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Italian Coast Guard films harrowing rescue. 8 died.

From The Guardian 7 Jan. 2018
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320 rescued immigrants arrived Pozzallo today aboard NGO SS Aquarius

From today's La Repubblica Palermo edition;
The NGO ship Aquarius pulled into Pozzallo, Sicily's port today with 320 migrants aboard, among them many women and numerous children. They had all been rescued from the Mediterranean in the previous days. Weather conditions at sea were harsh, the newspaper reported.
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Rescue ship Aquarius lands 606 shipwrecked immigrants at palermo, "city of welcome."

From Palermo Today:
Of the 606 migrants, 241 were children, 120 of those children came unaccompanied.
The shipwrecked migrants were rescued in seven operations in less than 36 hours. On board the Franco-Italian-German rescue ship were 11 pregnant women, two of whom were in their ninth month. There was also a week-old infant.
"The extremely high numbers of minors," said Palermo Mayor Leoluca Orlando, "is the confirmation of a human drama without pause and without Europe feeling shame. Today we found ourselves before a dramatic choice made by members of the families of these minors put in the hands of the merchants of death with the hope of getting them to Europe, which, however, continues to ignore this drama, staining themselves with criminal behavior that produces and feeds criminal organizations. We here in Palermo are quite different from all that and the city with its organization and its institutions make it the "Capital of Welcome." Read More 
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Ship Aquarius rescues 339 people in 24 hours

🔴 rescue
339 people rescued at sea in the last 24 hours are now safe on the Aquarius.
The teams from SOS MEDITERRANEE France intervened on 3 operations Tuesday (2 rescues and a transfer to another ship in the night) and on a first rescue this Wednesday morning.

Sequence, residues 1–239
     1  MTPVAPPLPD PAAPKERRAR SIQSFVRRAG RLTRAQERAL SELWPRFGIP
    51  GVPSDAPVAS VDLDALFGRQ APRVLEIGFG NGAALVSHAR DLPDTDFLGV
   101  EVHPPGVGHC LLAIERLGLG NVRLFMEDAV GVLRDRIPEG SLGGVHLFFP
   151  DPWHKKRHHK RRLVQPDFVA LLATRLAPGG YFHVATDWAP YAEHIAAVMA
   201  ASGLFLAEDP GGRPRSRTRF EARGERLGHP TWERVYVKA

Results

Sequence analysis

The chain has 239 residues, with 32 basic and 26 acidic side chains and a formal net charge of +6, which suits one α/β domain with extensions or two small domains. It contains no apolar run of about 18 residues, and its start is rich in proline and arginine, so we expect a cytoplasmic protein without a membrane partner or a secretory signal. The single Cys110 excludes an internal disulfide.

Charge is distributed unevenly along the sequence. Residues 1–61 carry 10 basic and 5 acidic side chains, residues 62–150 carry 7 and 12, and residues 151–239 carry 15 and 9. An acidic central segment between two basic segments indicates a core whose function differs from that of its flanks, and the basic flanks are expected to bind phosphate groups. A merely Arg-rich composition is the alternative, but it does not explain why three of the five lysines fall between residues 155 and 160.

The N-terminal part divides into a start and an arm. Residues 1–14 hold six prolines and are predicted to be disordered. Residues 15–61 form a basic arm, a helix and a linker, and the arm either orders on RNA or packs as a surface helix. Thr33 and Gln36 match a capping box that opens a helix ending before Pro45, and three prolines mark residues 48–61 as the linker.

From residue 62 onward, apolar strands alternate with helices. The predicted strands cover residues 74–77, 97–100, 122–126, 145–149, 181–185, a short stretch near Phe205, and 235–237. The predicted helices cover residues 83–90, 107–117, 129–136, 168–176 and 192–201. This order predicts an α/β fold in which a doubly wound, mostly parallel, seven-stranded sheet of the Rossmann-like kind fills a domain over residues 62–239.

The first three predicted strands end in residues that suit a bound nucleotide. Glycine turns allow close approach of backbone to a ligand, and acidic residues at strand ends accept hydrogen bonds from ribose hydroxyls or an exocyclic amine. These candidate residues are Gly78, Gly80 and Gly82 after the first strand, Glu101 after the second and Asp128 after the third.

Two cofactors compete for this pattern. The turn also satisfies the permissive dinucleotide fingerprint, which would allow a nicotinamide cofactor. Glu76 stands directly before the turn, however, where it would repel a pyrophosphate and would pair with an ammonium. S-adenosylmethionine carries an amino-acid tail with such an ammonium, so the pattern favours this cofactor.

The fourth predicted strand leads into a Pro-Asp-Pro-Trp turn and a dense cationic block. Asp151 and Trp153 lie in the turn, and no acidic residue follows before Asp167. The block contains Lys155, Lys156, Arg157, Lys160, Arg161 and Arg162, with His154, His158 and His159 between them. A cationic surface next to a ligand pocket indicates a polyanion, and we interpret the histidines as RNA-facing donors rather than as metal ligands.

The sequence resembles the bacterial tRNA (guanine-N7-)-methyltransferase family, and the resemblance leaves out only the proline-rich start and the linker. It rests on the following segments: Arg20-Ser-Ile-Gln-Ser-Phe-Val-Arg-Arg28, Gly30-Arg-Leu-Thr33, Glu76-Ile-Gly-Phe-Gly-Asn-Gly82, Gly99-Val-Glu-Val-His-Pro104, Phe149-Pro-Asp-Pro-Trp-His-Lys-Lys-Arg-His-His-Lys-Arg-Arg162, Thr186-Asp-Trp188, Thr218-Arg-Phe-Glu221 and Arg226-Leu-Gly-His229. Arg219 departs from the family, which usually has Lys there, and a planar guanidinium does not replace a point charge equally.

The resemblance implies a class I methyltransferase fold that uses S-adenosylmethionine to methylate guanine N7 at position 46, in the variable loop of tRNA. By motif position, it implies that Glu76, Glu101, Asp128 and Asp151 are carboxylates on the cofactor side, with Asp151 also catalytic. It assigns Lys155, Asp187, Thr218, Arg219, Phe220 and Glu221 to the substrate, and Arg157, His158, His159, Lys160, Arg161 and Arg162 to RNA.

All rescue operations on Tuesday and Wednesday were coordinated by the MRCC of Rome, which asked the Aquarius to move to other vessels in difficulty identified in international waters off Libya.
The Humanitarian Emergency continues in the Mediterranean!
#TogetherForRescue Read More 
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Prudence being taken out of action

As a consequence of a drop in the number of boats reaching international waters in the Mediterranean Sea, MSF has decided to reduce its activities at sea and to end search and rescue operations of its boat Prudence. MSF will continue its presence in the Central Mediterranean with the ship Aquarius, run in coordination  Read More 
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Italy-libya pact unraveling, immigrant numbers soar

From The Guardian
Patrick Wintour Diplomatic editor

Tuesday 3 October 2017 00.00 EDT

A key pillar of the Italian government’s effort to stem the politically toxic issue of people crossing the Mediterranean from Libya to southern Italy is in danger of collapse as a result of a bloody power struggle in the key Libyan port of < Read More 
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Hundreds of migrants from three rescue operations disembark at Trapani yesterday

Yesterday 371 rescued migrants arrived at Trapani aboard the rescue ship Aquarius, according to the online newspaper, Trapani Oggi. They were picked up in international waters in three different operations off the coast of Libya. A portion of them had been transferred from another rescue ship, the Vos Hestia, run by the NGO Save the Children.